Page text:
Marquita is an author, resilience coach and the chief evangelist at Emotionally Resilient Living. She’s also an unapologetic workaholic who loves red wine, rock n’ roll, road trips (and car dancing!), peanut butter cookies and (especially) a dog named Lucy.

She’s saddened and frustrated by excuses and cruelty and believes authentic compassion is the most powerful force in the world.

To learn more about Marquita and the mission of Emotionally Resilient Living Start Here.

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17 Reader Comments

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  1. Elise Ho says:

    Yes, use the good stuff. There is no time like the present. Seriously, if we wait to use the good stuff until the “right time” we allow all of the good times to just pass us by.
    Elise Ho recently posted…Blogger Pit Stop #107My Profile

  2. Another wonderful post that will particularly inspire me when I start spring cleaning later this year. I have moved so many times in my life (let’s compare!), that I long ago began to weed things out and use things. But I know I am still guilty of tucking items away.

    I wish my mom were alive so I could share this with her. Once, I bought her and dad handmade coffee mugs. Upon my next visit, they were in the china cupboard. Yes, I had a fit and asked what she was saving them for. Answer: special occasions and so she could give them back to me when they died. I told her that if they didn’t use them, when they died, I would break them to pieces.
    Mom sometimes needed drastic prompting! They used them every time I visited. In between, who knows?

    In her honor, we have one of her handmade quilts on the bed. It is falling apart, but the beautiful yellow flowers make me think of her daily. So save it? No way!

  3. Waiting for the Pope…what a gr!eat label!

    I’ve also been guilty of finally getting rid of ‘things too special for use’ that eventually became clutter.

    No matter its length, life is short, live like today is our last…

  4. Taiwo says:

    Hi Marquita,

    I love your post. Keeping things for a special occasion is what we all do, but little do we know that those occasions may never come. Like you pointed out, life is fragile and very unpredictable. Every day is an opportunity to live life fully. I fully agree with you that there is no sense in keeping things for a special occasion when we actually need them now.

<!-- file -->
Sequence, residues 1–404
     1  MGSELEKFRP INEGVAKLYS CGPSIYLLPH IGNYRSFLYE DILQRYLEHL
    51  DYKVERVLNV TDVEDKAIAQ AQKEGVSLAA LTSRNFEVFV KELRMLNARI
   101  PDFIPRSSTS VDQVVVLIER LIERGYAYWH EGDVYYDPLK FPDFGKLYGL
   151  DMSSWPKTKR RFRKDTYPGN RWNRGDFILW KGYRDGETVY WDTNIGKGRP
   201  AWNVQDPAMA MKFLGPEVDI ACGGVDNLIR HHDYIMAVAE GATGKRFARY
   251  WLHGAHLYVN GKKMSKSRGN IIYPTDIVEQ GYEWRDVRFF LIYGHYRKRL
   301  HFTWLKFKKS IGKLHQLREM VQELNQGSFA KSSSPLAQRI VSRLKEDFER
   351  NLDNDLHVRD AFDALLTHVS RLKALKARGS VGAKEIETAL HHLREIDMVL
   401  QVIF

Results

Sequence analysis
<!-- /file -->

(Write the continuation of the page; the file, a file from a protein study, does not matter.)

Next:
5. Hey Marquita,

    I guess that is how we all are, we keep the good things for later – and eventually they become a waste!

    Even after reading this article, I still can’t get myself to use some of the things that I have stored away for an unknown right time, perhaps because it has become a mental block … but atleast now that am checking into it, makes me think that there’s way too many things that are just gathering dust. Hopefully some of those will have a better use now!

    – Shantanu
    Shantanu Sinha recently posted…18 Things You Can Do Better for Business in 2018My Profile

  6. What a great story Monika! I’m just glad you and your husband are still married so you could enjoy the bubbly together. 🙂

  7. Ha Marquita! Your post rang a few bells and made me laugh. When we got married (14 years ago this September), my husband and I were given a bottle of very special vintage champagne. We’d been saving it for the right moment: we had two boys and moved house twice in that time, but still hadn’t got round to drinking it. Either we were tired, didn’t have “the right” person/people to share it with or (the shame) had forgotten about it. This year we put it in our fridge and told the friend who’d given it us that we were “thinking” about drinking it. She responded that we were about a decade too late – it peaked after about 5-7 years! Ah well. So it was now or never, regardless of whether we had anyone to drink it with or not. So we drank it and it was delicious! Live for the moment, who knows when it’s the right time!

  8. Lenie says:

    “you can choose to create more moments of your own”